In February 2015, Special Inspector General for Afghanistan Reconstruction (SIGAR), John F. Sopko, submitted a written testimony to the U.S. Senate Committee on Appropriations subcommittee highlighting the perils of the Afghan drug trade. In it, he states:
The expanding cultivation and trafficking of drugs puts the entire U.S. and international investment in the reconstruction of Afghanistan at risk. The narcotics trade, which not only supports the insurgency but also feeds organized crime and corruption, puts the gains the U.S. agencies and their international partners have achieved over the past 13 years in women’s issues, health, education, rule of law, and governance in jeopardy.
The prominence of the drug trade in Afghanistan’s economy and the role of Afghan narcotics in the global drug market is hard to overstate. The World Bank has assessed that narcotics constitute the largest source of externally generated income for Afghans by a wide margin. Afghanistan now produces between 80 percent to 90 percent of the world’s opium and accounts for the bulk of global heroin manufacturing. In recent years, the country has also become one of the world’s two largest producers of cannabis.
Strategic initiatives to deal with the Expanding Drug trade in Afghanistan:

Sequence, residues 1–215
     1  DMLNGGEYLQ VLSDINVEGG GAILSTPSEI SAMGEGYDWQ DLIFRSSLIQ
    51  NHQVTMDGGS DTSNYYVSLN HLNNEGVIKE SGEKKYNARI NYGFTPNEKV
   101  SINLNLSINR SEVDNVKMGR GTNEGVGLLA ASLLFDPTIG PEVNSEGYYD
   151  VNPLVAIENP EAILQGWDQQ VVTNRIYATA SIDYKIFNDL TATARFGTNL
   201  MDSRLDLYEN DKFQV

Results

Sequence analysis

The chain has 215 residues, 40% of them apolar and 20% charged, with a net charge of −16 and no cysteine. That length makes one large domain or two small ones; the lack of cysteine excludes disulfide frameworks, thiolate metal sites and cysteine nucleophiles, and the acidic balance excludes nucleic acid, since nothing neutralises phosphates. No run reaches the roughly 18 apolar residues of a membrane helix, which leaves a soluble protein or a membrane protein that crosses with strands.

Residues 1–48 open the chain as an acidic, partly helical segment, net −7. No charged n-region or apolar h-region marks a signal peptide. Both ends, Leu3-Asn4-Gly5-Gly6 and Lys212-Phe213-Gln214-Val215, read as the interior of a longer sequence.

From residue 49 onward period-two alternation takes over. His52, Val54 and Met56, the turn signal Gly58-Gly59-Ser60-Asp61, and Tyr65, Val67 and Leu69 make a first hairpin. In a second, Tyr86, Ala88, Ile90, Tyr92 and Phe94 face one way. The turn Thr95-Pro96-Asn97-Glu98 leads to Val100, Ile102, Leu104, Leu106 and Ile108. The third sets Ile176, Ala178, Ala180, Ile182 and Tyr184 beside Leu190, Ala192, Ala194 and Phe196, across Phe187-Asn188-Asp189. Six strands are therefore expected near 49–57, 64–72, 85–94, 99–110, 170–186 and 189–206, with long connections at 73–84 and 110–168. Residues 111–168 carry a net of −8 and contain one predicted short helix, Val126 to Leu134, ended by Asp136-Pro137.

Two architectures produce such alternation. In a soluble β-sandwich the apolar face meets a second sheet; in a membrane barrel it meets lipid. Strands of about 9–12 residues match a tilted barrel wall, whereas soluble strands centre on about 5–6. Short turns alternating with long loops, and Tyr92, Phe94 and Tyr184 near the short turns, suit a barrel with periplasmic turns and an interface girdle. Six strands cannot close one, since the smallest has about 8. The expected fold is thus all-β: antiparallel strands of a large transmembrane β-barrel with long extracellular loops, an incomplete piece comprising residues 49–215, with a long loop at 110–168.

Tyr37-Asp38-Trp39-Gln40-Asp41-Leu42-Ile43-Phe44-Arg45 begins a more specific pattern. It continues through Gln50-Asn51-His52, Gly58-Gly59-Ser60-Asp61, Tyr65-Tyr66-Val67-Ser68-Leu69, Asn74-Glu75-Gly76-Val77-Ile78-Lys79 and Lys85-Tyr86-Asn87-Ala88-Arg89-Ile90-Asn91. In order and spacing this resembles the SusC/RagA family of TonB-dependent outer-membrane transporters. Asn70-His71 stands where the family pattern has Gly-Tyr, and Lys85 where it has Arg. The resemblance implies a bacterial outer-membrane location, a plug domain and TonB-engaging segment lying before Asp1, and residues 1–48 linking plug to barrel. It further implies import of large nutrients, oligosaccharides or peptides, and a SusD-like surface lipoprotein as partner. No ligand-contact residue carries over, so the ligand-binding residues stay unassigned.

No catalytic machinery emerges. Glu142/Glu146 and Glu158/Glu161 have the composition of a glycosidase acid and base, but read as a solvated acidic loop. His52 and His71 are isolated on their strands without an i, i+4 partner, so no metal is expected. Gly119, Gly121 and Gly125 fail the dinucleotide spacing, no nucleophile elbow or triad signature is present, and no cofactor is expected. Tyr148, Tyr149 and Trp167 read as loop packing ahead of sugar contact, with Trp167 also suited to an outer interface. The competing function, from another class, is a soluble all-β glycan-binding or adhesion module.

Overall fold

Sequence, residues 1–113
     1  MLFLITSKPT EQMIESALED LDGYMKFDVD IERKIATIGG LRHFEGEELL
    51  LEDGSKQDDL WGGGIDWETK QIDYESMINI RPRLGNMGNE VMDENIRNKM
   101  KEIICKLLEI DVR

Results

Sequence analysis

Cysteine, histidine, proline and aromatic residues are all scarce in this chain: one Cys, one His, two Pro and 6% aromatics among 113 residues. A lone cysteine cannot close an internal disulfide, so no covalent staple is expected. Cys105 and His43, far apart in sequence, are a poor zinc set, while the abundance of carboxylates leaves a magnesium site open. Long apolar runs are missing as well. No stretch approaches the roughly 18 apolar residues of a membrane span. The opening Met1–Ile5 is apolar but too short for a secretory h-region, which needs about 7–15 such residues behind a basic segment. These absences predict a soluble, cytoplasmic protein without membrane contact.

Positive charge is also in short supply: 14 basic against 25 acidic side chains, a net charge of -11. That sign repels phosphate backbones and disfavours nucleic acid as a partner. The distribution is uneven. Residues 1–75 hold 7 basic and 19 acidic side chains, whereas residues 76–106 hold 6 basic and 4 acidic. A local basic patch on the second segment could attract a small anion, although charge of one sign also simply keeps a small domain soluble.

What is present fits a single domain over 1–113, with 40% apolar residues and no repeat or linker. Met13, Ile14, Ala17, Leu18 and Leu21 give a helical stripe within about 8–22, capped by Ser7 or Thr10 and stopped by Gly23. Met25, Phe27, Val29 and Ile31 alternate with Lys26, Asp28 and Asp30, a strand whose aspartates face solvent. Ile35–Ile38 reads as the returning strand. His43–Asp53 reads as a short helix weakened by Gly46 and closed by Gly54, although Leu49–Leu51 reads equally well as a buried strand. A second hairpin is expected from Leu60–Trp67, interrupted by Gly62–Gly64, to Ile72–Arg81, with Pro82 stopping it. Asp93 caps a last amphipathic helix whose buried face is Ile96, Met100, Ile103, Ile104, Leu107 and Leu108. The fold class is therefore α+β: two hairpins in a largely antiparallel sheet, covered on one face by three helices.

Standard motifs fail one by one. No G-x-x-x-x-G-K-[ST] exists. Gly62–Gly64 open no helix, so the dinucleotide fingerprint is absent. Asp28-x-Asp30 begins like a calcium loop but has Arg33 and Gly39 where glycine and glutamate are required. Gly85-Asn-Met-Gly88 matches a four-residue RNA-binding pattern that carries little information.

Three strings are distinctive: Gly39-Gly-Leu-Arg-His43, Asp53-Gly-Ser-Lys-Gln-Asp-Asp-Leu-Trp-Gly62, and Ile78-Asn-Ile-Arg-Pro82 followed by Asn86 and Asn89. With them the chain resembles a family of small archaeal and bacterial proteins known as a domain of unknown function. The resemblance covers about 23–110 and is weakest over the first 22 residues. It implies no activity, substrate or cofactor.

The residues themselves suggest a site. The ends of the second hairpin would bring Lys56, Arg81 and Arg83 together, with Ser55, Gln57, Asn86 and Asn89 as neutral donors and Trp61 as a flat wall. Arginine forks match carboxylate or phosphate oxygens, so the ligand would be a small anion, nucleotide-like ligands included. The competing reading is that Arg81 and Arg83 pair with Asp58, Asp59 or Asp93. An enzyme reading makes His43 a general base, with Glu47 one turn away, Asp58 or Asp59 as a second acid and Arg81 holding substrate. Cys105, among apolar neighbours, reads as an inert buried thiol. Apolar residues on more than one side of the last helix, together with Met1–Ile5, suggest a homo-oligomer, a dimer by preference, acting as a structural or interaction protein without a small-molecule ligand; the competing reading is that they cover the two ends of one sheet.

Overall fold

- The first strategy has been a systematic series of eradication operations. The United States alone has spent more than $8 billion in poppy eradication efforts but cultivation levels continue to rise. While the causes of the increase are complex, there is little question that eradication has not been a viable strategy for reducing opium production levels.
- The second strategy has been a robust interdiction program,…The International Security Assistance Force, a NATO-led military mission in Afghanistan, established by the United Nations Security Council in December 2001, has conducted a two-decades-long series of interdiction efforts seeking to reduce the flow of weapons, money, drugs, precursor agents, and improvised explosive device (IED) components to the Taliban, with the goal of degrading the Taliban’s finances and physical resources and dismantling its logistical networks. Although hundreds of interdiction raids were conducted, especially in southern Afghanistan, and large quantities of opium and IEDs were seized in these operations, the impact on the Taliban’s resource flows was never more than local and temporary.
The U.S.-Taliban Doha deal of February 2020 precludes the United States from mounting such aerial bombing of opium/ heroin and ephedra/ ephedrine depots, labs, and transportation trucks.